• Headache: Due to the less amount of oxygen in air, the blood influences the blood vessels to spread wide in order to supply more oxygen to the brain and which cause them to show the early symptom of AMS.
• Dopiness: The trekkers or climbers feel very sleepy but could not.
• Shortness of breath: The breathing pattern changes as the breathing becomes faster and deeper than normal in order to get enough oxygen and rapid pulse
• Loss of appetite and nausea: Despite of physical exercise, the trekkers don’t have an appetite to eat. They will feel as if they want to vomit.
• Pins and Needles: Sensation of a limbs falling asleep.
• Fatigue: Physical pressure while trekking the long hours followed by Insomnia shows the next symptom of AIMS which is fatigue.
• Dizziness: A feeling of falling down, it is the early symptoms of AMS.
• Malaise: Malaise is the feeling of being sick which is also one of the symptoms of AMS.
• Swelling of hands, feet & face: Due to the accumulation of fluids, the tissues swell which is also one of the symptoms of AMS.
Symptoms associated with more severe Acute Mountain Sickness includes:
• Cyanosis (alteration of skin color into bluish or purplish)
• Chest tightness or congestion
• Coughing up blood
• Decreased consciousness or withdrawal from social interaction
• Grey or pale complexion
• Inability to walk in a straight line, or to walk at all
• Shortness of breath at rest
At high altitude, all people will experience some of the above symptoms in a mild form. If the body is unable to adjust to altitude these symptoms will persist and if they are left untreated, altitude sickness may progress to High Altitude Cerebral Edema (HACE) or High Altitude Pulmonary Edema (HAPE). Edema means simply fluid accumulation in your interstitial body tissues. Both HACE and HAPE can be fatal if ignored.
LIFE THREATENING FORMS OF AMS.
High Altitude Pulmonary Edema (HAPE)
If one accumulates of fluid in the lungs and mild fever then, there is a chance of High Altitude Pulmonary Edema (HAPE). The filling of fluid in the lungs is Pulmonary Edema. The fluid blocks the passage of fresh oxygen to get into the lungs which causes the shortage of oxygen. Though the exact reason for the HAPE has not been identified, scientists think that pressure of blood vessel around the lungs is directly proportional to the altitude. As a result the smaller blood vessels leak allowing the fluid to escape to the lungs. The treatment for the HAPE victims is to give the oxygen at the rate of 4 liters a minute, using Portable Altitude Chamber (PAC). In case of unavailability of PAC bag or oxygen, one is taken down to the low altitude which is the only way of life-saving. HAPE can also lead to unconsciousness which may also results to death in a short period of time.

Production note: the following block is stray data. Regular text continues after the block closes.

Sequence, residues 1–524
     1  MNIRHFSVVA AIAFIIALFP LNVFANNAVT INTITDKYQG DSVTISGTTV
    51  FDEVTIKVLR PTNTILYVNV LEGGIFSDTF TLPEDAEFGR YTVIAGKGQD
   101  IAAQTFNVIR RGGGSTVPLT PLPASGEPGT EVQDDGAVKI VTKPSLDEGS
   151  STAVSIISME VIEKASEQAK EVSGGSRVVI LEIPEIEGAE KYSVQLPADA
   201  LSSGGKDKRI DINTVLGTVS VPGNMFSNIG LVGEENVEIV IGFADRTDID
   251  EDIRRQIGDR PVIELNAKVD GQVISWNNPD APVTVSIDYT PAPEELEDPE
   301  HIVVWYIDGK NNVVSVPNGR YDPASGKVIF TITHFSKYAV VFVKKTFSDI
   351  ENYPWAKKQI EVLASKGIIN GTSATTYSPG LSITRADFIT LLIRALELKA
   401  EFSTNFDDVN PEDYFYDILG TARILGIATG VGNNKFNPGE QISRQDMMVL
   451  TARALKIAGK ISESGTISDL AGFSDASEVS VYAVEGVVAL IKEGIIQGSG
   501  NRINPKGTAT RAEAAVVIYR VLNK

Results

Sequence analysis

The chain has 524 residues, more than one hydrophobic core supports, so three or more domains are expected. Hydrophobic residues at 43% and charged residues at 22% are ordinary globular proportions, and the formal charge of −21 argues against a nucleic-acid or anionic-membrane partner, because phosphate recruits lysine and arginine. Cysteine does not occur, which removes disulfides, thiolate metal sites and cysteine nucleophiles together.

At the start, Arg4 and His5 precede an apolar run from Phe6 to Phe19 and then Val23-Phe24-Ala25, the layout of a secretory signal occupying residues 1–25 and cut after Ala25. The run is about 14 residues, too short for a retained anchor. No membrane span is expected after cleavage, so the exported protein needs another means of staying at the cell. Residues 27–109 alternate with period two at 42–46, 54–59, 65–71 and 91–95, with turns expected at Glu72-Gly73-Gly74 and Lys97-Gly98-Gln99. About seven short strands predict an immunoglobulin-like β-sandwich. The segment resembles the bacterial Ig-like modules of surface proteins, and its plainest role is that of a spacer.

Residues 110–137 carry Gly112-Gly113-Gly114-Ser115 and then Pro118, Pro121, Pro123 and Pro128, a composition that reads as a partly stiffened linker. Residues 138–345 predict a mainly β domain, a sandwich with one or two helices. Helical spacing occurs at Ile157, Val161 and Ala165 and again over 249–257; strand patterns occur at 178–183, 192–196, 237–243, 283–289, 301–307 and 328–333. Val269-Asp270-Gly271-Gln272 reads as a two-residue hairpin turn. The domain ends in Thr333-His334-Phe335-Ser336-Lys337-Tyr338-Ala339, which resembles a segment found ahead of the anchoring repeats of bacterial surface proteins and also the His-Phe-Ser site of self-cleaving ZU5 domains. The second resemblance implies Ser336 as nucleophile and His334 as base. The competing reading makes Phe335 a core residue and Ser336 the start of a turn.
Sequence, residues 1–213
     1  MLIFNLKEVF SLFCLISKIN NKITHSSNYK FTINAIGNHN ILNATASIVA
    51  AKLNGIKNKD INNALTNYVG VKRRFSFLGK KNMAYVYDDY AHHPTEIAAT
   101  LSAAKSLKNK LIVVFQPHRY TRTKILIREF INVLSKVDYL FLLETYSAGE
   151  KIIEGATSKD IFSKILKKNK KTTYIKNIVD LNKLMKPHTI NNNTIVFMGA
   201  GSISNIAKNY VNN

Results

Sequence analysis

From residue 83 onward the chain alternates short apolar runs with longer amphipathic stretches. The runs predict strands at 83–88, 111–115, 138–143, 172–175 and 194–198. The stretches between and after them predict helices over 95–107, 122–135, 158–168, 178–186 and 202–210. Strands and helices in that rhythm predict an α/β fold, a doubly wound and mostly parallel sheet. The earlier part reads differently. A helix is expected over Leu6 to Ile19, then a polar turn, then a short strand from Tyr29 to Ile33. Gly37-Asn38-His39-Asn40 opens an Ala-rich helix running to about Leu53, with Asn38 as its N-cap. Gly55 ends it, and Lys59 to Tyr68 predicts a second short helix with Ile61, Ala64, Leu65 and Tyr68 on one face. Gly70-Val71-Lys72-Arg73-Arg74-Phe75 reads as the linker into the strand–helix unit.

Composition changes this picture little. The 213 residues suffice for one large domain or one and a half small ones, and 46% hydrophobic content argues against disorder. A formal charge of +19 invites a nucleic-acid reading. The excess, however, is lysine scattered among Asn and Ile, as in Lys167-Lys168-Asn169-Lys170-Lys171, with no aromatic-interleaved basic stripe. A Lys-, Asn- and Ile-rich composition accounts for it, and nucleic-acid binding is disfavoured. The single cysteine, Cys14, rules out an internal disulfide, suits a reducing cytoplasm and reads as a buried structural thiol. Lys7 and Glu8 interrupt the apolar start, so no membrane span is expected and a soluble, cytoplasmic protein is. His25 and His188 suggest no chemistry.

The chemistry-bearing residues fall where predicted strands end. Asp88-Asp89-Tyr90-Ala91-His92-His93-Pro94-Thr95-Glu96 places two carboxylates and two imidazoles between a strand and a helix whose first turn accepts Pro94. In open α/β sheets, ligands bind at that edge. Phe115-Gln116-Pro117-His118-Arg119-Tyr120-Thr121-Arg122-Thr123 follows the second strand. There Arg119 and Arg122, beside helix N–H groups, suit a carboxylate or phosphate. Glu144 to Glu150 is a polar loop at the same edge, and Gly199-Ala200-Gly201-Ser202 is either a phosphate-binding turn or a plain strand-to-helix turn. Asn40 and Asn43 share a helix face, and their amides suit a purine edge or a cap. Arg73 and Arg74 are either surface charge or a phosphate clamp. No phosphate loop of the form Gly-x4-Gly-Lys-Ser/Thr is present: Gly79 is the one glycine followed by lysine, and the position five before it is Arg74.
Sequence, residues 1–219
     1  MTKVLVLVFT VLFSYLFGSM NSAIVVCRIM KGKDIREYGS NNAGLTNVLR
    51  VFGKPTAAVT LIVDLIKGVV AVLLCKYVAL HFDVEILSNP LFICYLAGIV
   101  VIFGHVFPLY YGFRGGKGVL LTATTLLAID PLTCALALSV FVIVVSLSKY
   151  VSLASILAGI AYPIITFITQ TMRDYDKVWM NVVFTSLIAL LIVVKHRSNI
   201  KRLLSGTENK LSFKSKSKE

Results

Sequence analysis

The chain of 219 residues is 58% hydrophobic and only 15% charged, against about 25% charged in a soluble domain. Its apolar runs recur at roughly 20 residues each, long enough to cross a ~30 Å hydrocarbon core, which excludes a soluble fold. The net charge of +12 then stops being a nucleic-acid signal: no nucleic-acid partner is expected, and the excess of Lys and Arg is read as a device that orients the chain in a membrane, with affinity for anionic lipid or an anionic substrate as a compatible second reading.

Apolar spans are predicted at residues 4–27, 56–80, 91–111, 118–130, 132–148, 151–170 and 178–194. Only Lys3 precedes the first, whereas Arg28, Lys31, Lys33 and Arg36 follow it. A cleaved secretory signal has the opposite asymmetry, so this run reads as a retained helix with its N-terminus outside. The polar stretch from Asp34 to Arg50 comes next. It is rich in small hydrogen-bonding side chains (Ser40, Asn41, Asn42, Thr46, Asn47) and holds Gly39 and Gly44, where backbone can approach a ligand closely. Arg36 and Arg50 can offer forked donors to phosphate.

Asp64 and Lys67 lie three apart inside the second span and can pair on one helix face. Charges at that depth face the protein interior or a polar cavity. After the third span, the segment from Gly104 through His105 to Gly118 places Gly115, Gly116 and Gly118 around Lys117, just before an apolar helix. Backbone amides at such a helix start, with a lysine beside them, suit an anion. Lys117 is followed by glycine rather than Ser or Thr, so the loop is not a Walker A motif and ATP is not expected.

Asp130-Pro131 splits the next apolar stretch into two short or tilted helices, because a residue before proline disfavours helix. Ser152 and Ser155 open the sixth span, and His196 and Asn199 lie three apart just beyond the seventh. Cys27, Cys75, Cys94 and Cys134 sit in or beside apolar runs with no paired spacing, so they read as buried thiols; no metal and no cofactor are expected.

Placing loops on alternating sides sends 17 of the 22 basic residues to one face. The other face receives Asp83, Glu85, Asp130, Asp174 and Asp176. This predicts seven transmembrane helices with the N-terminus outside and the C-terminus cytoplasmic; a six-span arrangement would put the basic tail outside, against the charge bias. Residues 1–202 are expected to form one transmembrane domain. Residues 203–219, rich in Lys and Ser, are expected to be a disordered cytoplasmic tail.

WHAT ARE THE SYMPTOMS OF HAPE (fluid in the lungs)?
• A dry cough, developing to a wet one with blood-tinged discharge or saliva
• Tightness in the chest & blueness/darkness of face, lips & tongue
• Low fever up to 38°C/100°F
• Severe fatigue, progressing to coma
High Altitude Cerebral Edema (HACE)
HACE is the accumulation of fluid in the brain due of the swollen blood vessels to the brain. HACE is also seen within a couple of hours and can send the patient to coma and take his/her life in just few hours likewise to HAPE. The excessive flow of blood to the brain due to the low-level oxygen causes vasodilation which eventually leads to leakage of blood vessels to the brain. A 4 to 8mg of dexamethasone is given as a first dose to those who suffer from such sickness and then 4mg Diamox is given an every six hours gap. Similarly, 2-4 liters/minute oxygen is given and one is taken to down if it is necessary.
WHAT ARE THE SYMPTOMS OF HACE (fluid in the brain)?
• Severe headache symptoms not relieved by painkillers or lying down
• Confusion, disorientation & drowsiness
• Loss of balance or coordination
• Blurred or double vision/retinal hemorrhage
HOW TO PREVENT?
Certain medical conditions (such as respiratory disease) or medications (such as sleeping pills) can increase the risk of altitude sickness - it is important that you inform your guide of any medical conditions or medications before ascending to altitude. You can help your body to acclimatize and avoid altitude sickness by:
• Avoiding alcohol, tobacco and substances that can interfere with good delivery of oxygen to the body or cause dehydration
• Eating small, frequent meals high in carbohydrates
• Drinking plenty of water – the test of sufficient amount of water intake is ability to urinate colorless urine
• Taking it easy or have a rest. Walk at a slower pace than you would at sea level and avoid over-exertion
• Climb the mountain gradually and stop for a day or two of rest for every 600m/2000ft above 2,400m/8000ft
• Climb high but Sleep at a lower altitude if possible
• Learn how to recognize early symptoms of mountain sickness
WHAT IS THE TREATMENT?